someone asked you today what you wanted more than
anything else in life, what would you say to them?
In this section ISHV will not only
explore the good life, but more importantly how to
obtain and maintain it. Throughout history there have
been all sorts of notions as to how we can achieve the
two prime goals in human existence (and the answer most
often given to the question above) -
happiness and inner peace.
Can we find this inner Shangri-La
through Jesus, Allah, Yahweh, Scientology, Hedonism,
Asceticism, Atheism, No-ism?
These we believe are the most
important questions humankind can attempt to answer.
Equally important is how we can become better role
models and teachers for our children in their quest for
a better life.
Two major areas will be the foundation
for this section:
The cerebral area will largely come
from the rational and scientific base of the Cognitive
Behavioral approaches to mental health and well-being.
The grandfather of these approaches was Dr. Albert
Ellis, a pioneer who broke from the shackles of
psychoanalysis and Freud to create the third major
movement in psychology. He called his
reason/scientific-based approach Rational Emotive
Behavior Therapy or Theory (REBT).
The experiential area will largely
come from studies on mindfulness and from Zen. In a
brief but very incomplete sense, Zen is a finger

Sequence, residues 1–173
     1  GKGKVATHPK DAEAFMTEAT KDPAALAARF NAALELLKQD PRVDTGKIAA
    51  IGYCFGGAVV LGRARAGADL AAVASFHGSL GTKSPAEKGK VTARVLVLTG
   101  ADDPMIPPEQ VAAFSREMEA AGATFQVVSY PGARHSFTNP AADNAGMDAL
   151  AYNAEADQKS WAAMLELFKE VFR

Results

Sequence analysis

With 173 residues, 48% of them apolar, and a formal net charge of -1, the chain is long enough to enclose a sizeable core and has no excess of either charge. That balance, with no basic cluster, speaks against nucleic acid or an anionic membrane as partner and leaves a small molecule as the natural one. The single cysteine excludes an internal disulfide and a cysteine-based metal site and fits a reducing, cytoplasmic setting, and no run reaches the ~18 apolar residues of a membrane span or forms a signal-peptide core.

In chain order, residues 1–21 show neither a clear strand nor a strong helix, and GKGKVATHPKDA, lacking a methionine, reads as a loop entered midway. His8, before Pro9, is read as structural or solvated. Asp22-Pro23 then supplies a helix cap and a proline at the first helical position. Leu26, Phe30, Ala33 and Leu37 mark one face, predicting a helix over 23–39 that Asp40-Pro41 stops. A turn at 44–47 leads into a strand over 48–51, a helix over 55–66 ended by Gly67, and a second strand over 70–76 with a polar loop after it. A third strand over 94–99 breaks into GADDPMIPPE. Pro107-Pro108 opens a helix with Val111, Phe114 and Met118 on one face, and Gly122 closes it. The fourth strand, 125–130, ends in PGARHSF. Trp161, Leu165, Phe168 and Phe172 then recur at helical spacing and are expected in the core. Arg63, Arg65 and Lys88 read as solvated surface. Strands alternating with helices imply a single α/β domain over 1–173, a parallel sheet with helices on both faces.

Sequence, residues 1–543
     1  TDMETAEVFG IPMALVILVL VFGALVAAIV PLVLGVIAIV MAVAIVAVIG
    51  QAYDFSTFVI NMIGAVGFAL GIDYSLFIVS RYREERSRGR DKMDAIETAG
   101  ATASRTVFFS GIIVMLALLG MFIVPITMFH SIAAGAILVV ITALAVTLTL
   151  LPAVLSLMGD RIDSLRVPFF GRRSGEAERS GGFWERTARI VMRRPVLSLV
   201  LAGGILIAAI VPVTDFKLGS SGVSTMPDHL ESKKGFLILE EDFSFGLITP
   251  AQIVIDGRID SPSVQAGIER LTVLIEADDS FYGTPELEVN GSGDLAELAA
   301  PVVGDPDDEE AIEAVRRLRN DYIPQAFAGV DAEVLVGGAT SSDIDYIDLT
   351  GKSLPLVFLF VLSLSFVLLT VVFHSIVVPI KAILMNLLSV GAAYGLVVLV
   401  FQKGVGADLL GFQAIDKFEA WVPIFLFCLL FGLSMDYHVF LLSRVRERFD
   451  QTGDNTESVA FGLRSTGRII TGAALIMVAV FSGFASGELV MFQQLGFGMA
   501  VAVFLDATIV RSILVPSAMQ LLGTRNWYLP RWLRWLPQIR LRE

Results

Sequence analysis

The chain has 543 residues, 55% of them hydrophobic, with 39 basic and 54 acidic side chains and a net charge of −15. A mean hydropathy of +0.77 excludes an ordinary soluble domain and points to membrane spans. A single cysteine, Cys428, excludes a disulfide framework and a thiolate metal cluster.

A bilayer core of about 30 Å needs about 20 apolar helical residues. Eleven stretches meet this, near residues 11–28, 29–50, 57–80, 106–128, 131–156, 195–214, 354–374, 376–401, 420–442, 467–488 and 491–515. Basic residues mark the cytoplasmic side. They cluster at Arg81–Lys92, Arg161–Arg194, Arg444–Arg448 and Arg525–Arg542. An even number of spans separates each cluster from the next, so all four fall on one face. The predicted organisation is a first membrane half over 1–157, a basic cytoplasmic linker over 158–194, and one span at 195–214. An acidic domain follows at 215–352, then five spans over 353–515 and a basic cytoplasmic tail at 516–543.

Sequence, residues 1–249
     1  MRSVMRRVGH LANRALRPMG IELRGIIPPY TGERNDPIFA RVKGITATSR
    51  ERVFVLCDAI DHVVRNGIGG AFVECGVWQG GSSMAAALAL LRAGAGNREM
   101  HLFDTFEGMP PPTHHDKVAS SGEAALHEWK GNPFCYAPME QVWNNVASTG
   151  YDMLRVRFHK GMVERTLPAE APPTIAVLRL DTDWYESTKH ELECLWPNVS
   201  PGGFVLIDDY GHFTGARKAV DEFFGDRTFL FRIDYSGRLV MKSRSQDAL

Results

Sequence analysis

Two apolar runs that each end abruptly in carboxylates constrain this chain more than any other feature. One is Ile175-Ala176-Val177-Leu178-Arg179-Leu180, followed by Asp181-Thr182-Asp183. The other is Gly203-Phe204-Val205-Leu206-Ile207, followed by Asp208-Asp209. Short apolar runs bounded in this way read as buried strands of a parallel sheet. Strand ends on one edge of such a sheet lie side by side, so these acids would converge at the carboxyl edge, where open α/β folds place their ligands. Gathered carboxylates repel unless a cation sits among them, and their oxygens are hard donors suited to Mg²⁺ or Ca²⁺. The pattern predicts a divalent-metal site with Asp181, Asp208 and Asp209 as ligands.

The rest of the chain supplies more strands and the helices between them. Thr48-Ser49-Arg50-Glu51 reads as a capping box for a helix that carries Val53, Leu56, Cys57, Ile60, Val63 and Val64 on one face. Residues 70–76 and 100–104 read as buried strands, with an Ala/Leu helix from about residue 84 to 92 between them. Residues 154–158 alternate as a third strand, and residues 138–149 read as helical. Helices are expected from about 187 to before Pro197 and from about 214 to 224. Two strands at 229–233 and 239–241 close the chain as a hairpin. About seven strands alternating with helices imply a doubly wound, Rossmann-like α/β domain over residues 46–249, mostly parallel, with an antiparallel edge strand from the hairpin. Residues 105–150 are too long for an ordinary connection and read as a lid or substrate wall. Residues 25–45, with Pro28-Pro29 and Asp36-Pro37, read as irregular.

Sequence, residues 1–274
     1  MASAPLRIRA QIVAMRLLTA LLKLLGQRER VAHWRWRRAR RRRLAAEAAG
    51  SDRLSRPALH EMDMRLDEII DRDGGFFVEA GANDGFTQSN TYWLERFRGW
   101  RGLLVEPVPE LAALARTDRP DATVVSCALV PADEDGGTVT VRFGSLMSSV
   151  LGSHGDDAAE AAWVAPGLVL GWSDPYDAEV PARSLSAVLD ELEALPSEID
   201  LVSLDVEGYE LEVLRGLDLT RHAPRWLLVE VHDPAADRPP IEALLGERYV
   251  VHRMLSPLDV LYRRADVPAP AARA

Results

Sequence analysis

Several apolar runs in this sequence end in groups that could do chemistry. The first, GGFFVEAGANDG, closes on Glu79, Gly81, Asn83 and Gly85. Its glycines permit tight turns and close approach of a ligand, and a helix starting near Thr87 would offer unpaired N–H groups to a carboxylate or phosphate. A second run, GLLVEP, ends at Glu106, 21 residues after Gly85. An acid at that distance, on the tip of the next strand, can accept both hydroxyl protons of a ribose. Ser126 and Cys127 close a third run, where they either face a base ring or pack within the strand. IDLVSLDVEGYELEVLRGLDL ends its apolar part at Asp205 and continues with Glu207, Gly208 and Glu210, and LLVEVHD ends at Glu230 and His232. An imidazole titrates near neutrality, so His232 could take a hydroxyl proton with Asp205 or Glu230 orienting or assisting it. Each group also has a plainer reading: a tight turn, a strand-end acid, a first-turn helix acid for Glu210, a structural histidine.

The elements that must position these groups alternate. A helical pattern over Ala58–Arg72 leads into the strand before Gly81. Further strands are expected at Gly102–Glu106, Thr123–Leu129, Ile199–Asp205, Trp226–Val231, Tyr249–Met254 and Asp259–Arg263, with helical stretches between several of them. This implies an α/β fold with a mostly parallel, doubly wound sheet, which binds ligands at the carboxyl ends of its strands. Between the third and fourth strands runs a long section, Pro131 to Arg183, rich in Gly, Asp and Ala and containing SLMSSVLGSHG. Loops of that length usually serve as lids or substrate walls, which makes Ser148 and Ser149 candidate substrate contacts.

pointing at the human mind and reality. It is the
reality of every moment “as it is” -- from the micro to
the macro, from the tiniest subatomic particle to
galaxies circulating the universe. This helps us put our
problems and plights into a proper perspective. It also
humbles us and helps us to see that ultimately the only
authority anyone or anything has (including religion and
science) is because of the power we give them. Combining
these two wisdom-based approaches to epistemology may
help us attain a sense of more freedom -- freedom
that would allow us to pause and to choose our actions
When we “react” to others from a set
of fixed beliefs, perhaps mired in a world of delusion
and illusion and acting more like automatons, we
compromise our freedom to make more honorable choices.
With less control over the choices we make, our actions
may originate from the less civilized human traits of
ill will, greed, anger, hostility and intolerance. We
may regard others who don’t hold our views or beliefs as
our adversaries, and immoral behavior based in anger may
When the actions we initiate come from
a center of goodwill, empathy and compassion toward
others, it would put us in a better position to create a
morality that can be taught from generation to
Our overall goal is freedom,
freeing the mind of the habits that create suffering and
disturbance. We welcome your interest and involvement in
ISHV. If you would like to make a comment, complaint,
suggestion, or if you would like to present an article
for possible consideration to Rational Living, please
contact Vincent E. Parr, Ph.D., Clinical Psychologist,
at 5633 Oakland Dr., Tampa FL 33617 or email: email@example.com.